These two posts, in particular, gave me the inspiration and most of the know-how to create my custom home page. They also both contain helpful information on themes and styling.

My customisations AKA how long could this possibly take?

I didn’t think it would take too long to make some tweaks, but the more I worked on the site, the more I wanted to change. I’ve managed, with help, to implement customisations that I haven’t seen or read about elsewhere in relation to Quarto. Getting a basic Quarto site up is relatively straight-forward (in fact, Tom Mock shows how it can be done in just 100 seconds), but extensive customisation, particularly when starting with a rudimentary knowledge of HTML and CSS, turned out to be pretty tricky.

In this section, I’m going to list what I think are the cool features of this site, all of which I had to learn how to implement as I went along. Some of them are Quarto-specific. Others I expect will be fairly standard to those with a more advanced knowledge of front-end web development, but may well also be new to others who, like me, have come to website-building with Quarto from a backgroud in R programming rather than HTML/CSS/JS.

For the sake of brevity, in this post I don’t detail how I achieved these customisations. I just note what I had to learn to implement them. I intend to spin each of the points below into separate tutorial-style blog posts. If you’re interested in seeing how I implemented them in the meantime, you can check out this site’s repo.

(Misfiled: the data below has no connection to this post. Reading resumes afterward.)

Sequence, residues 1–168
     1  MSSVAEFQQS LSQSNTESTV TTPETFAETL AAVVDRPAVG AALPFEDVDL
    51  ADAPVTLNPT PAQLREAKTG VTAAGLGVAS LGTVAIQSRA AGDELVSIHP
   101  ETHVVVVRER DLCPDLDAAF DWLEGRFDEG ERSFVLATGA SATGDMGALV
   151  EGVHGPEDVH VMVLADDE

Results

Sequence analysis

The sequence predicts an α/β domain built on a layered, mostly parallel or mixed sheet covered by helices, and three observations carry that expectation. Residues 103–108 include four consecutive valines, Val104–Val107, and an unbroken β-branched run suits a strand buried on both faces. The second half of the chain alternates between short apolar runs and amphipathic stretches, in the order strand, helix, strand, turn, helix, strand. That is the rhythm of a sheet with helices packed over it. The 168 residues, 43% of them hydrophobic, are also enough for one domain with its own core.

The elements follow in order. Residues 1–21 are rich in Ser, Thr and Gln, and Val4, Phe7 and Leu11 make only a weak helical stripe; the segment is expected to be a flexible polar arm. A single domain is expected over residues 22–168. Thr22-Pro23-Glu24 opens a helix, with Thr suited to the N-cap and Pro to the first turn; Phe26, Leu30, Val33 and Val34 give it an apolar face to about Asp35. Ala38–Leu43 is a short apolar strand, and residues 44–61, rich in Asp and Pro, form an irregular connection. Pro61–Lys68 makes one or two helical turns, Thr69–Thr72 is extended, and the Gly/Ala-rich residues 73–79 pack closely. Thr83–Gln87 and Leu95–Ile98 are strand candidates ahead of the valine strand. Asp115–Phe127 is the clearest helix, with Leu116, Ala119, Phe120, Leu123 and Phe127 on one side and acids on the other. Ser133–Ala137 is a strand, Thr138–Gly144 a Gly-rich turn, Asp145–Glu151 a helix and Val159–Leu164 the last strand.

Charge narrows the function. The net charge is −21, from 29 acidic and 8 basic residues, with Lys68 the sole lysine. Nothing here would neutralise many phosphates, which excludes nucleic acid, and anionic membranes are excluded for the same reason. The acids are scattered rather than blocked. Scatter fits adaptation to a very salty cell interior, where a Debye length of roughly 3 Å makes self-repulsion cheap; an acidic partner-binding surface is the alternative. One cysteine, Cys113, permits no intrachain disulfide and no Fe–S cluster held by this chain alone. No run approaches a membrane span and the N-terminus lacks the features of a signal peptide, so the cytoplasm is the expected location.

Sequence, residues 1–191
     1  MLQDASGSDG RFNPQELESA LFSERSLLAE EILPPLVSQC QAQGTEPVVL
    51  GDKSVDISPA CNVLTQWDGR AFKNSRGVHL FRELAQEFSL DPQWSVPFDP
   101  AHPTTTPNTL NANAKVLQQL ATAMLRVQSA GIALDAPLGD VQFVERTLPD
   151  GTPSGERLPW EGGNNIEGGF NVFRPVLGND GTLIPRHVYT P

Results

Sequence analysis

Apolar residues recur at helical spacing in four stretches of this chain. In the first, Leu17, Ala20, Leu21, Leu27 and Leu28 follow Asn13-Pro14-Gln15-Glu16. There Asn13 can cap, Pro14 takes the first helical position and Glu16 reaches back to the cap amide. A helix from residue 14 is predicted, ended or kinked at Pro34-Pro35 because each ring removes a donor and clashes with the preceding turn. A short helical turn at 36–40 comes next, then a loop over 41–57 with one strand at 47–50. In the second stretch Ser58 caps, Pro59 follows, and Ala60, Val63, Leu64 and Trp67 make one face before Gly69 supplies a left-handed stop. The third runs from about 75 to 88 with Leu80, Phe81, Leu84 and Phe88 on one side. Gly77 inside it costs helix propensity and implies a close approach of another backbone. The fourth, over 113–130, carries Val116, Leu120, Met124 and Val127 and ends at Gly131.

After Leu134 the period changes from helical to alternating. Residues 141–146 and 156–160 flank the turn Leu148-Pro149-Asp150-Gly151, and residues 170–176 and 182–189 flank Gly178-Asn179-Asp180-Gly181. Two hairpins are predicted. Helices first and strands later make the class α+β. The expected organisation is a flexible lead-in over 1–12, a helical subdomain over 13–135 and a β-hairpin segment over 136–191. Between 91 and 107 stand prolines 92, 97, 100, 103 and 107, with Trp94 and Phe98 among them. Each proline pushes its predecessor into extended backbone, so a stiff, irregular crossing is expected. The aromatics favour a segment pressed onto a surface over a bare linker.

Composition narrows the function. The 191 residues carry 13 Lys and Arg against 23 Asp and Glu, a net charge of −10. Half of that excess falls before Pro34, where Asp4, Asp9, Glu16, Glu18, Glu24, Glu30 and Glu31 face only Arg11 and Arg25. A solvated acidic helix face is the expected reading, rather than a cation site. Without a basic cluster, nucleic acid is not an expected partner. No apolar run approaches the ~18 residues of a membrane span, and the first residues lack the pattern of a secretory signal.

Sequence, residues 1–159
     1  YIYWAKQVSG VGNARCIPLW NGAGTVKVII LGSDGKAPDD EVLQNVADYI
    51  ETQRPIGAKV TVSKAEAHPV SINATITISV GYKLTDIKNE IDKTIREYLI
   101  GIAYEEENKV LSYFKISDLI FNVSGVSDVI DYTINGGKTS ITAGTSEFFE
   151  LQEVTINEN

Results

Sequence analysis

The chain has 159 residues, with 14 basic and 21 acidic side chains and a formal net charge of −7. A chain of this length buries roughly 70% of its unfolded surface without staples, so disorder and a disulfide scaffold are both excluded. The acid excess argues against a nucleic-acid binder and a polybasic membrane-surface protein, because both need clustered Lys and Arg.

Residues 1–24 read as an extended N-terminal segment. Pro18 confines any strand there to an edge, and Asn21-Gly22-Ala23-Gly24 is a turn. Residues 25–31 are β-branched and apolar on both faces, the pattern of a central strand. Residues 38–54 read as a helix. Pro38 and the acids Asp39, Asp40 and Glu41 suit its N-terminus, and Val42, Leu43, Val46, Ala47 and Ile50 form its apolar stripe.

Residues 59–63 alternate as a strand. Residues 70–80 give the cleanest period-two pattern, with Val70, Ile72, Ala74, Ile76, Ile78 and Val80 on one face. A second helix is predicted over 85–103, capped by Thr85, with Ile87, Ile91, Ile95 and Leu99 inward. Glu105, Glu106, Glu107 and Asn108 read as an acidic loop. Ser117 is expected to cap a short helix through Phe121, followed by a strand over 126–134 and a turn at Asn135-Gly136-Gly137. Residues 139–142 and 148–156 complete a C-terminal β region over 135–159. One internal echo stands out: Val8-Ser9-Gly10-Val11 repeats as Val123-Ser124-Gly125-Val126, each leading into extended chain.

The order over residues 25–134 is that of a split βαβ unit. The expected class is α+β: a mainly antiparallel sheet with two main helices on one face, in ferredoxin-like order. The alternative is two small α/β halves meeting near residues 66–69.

CSS grid and bootstrap cards

Speaking of which, creating the custom layout of my homepage, using CSS grid and bootstrap cards, was a challenge. The blog posts by Albert and Christian linked to in the previous section got me a lot of the way there, but I still had to dive deep into the bootstrap documentation to make sure the cards and the links inside them all lined up nicely.

Light and dark mode

I put a lot of thought into the colour scheme for both the light and dark modes of the site, and making sure they complemented each other perfectly. For this, I built on what I’d learnt about colour theory and accessibility when designing a custom syntax highlight scheme for my previous website. I also learnt about Sass and made extensive use of custom Sass variables.